Our main events programme includes talks, panels, films and workshops open to all. Participant numbers are kept intentionally small and significant time is allocated for discussion, either guided or informal. Food is an important component of our evening events, which always include a break for a one-pot vegan supper that we eat together.

Kairos Book Club: “Combining” by Nora Bateson

Friday December 1st
Doors & drinks 6.30pm; Discussion starts 7pm

The second collection of essays, reflections, poems and artwork by Nora Bateson, the noted research designer, film-maker, and president of the International Bateson Institute (IBI).

“Combining” is an embodiment of her recent work on Warm Data and offers a radical ecological approach to many of the key issues of our time: climate change, political upheaval, education, health, food and relationships.

Screening of “The Village of Lovers”

Tuesday December 5th
Doors & Drinks at 6pm; Film starts at 6.30pm

“Community is not just a sentimental dream of young people, but the next stage of human evolution. The people of the future will live in community.” – Dieter Duhm

“The Village of Lovers” (Re/Culture Films, 1hr 14m, 2023) is a new documentary about Tamera, a radical social experiment in Southern Portugal. The community of Tamera originated in Germany and grew out of the “free love” movements of the 1960s and 1970s. But unlike others experimenting at the time, the Tamerans realised that to create a truly alternative social model, they had to do more than simply react against the dominant system.

Based on the ideas of co-founder psychoanalyst Dieter Duhm, and other influences including physicist David Bohm, Tamera emphasised trust – especially in the most intimate areas of human life – as core to long-standing cultural and political change.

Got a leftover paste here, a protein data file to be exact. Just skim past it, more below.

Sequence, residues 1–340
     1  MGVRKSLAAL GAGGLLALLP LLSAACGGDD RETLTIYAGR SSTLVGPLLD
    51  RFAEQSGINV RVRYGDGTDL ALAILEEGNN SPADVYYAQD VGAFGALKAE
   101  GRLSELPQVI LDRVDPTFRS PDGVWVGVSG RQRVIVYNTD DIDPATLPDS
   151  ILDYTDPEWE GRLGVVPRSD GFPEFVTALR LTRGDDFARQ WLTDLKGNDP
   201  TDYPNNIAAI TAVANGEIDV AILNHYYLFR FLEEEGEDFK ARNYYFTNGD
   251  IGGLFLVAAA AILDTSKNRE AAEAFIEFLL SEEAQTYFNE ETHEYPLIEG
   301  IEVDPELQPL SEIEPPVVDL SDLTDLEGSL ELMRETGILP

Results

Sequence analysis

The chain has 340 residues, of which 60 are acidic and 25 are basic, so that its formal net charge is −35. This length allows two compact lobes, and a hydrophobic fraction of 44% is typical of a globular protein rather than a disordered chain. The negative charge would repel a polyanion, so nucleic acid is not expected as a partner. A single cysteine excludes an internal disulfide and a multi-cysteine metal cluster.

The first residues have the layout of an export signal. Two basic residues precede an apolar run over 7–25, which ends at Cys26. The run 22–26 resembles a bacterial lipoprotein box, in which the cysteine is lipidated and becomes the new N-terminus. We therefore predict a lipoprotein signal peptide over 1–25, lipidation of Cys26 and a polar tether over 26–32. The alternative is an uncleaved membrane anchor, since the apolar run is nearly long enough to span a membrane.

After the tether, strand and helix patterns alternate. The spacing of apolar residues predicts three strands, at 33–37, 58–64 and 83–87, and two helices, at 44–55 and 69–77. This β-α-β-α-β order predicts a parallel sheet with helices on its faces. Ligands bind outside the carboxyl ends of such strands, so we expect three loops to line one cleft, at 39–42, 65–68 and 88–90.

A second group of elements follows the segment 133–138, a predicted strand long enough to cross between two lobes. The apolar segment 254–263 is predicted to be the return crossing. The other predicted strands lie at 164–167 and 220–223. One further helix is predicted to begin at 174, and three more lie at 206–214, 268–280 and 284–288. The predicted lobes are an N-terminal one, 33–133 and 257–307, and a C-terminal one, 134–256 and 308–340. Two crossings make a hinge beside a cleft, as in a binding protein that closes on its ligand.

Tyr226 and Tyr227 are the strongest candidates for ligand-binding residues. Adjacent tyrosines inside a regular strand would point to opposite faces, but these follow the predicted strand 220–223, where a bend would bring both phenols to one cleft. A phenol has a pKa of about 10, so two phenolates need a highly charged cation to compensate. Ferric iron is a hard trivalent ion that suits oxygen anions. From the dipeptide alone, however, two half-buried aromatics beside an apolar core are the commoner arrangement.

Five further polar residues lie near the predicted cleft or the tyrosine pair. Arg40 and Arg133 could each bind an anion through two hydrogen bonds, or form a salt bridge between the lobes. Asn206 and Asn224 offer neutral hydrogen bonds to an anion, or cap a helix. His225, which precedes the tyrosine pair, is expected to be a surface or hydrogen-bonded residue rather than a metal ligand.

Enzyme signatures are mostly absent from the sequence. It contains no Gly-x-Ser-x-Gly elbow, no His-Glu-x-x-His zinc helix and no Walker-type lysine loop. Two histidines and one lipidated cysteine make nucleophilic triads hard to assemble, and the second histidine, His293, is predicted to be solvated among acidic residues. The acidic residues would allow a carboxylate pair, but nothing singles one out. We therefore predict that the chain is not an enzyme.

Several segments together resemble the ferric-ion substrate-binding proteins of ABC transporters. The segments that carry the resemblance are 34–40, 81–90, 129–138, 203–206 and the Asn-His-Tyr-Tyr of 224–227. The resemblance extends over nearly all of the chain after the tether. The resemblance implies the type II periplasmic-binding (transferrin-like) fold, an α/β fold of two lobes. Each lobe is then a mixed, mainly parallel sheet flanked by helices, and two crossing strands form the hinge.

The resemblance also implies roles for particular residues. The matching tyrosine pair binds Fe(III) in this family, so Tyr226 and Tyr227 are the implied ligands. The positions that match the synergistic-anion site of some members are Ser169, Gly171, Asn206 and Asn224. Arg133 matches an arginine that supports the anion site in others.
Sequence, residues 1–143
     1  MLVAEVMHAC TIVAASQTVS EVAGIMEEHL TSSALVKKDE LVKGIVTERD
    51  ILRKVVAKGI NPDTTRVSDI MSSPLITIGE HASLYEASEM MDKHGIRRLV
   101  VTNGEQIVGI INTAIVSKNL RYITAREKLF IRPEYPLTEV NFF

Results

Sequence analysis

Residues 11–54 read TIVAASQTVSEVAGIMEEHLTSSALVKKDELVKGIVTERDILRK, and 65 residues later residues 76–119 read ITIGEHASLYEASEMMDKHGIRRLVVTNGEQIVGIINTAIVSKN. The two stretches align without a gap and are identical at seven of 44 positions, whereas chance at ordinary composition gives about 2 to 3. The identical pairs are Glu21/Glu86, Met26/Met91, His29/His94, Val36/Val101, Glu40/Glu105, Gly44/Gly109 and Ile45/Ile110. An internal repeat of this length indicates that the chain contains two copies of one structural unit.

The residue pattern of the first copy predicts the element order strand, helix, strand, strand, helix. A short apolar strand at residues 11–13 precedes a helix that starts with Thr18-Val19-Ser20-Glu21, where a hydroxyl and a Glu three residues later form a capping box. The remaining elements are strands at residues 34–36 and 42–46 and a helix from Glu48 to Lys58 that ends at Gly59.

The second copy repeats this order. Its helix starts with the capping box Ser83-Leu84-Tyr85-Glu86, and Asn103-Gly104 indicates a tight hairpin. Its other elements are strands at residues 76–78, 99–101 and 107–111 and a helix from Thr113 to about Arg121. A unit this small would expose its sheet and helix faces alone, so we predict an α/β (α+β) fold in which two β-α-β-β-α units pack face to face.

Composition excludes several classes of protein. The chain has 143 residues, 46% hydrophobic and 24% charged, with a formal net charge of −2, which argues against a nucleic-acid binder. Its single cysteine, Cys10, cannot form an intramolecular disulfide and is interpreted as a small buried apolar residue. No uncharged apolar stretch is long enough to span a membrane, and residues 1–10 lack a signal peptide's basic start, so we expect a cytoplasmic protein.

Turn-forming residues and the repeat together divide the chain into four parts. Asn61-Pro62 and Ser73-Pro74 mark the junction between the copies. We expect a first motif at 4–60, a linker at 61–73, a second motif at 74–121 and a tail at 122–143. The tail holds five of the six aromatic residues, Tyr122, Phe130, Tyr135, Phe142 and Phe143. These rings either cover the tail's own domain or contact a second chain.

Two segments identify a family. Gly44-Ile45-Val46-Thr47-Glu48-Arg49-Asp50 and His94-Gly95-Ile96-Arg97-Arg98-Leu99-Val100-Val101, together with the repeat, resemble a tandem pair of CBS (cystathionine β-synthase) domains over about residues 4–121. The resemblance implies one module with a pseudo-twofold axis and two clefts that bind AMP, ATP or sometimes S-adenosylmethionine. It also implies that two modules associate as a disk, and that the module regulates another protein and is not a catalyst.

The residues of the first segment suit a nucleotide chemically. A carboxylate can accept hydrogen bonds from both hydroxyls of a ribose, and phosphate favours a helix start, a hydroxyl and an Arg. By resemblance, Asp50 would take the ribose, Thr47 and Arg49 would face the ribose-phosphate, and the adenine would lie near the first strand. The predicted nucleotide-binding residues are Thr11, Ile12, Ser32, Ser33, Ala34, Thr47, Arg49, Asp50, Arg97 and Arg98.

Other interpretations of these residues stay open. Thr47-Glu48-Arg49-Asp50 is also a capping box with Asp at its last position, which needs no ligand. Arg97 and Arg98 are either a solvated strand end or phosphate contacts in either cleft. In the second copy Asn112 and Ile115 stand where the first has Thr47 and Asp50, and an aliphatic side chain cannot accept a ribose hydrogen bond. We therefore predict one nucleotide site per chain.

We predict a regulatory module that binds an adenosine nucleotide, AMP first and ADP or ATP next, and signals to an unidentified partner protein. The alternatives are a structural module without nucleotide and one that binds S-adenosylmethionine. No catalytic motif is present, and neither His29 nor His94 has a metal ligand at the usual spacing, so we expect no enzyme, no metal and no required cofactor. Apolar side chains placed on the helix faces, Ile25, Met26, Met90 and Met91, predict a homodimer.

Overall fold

Forty years on, with 150 permanent members, Tamera is also a research and education centre. With its vision of a new planetary culture of “healing biotopes” it may provide a regenerative model for a post-capitalist society, rooted in reconnection to life.

Alternative Communities of Care with Lynne Segal

Tuesday December 12th
Doors & drinks 6.30pm; Talk starts 7pm

With climate breakdown set to increase the pressure on our already fragmented social networks, we need to learn how to care for one another outside the mechanisms of the state.

As we think about how to build radical, alternative communities of care, there are earlier experiments we can learn from. Long before wide-spread knowledge of global heating, or the surge in green politics, those involved in the feminist movement were already exploring ideas of mutual aid and anti-consumerism.

Lynne Segal, feminist thinker, activist and author most recently of Lean on Me: A Politics of Radical Care, will present some of the lessons from that time and how they might help us today. 

When Lynne moved to London in the early 1970s with her infant son, her Islington home became a shared living space for three single mothers, and an early feminist stronghold, where they attempted to establish new ways of living and caring for each other. As well as warding off the isolation and marginalisation of single motherhood, it also provided a focus for community activity and feminist politics. 

Drawing on that experience, Lynne will explore what a radically transformed approach to interdependence could look like in response to our everyday vulnerabilities of motherhood, disability and ageing. She will argue that education is key to creating a more caring, egalitarian world, and discuss the hope that comes from building caring collectives and radical friendships. Now more than ever, we need to learn how to share our resources and whatever joys we find in the process.

The Liberal Guardrails Against Radical Climate Action with Chris Shaw

Thursday December 14th
Doors & drinks 6.30pm; Talk starts 7pm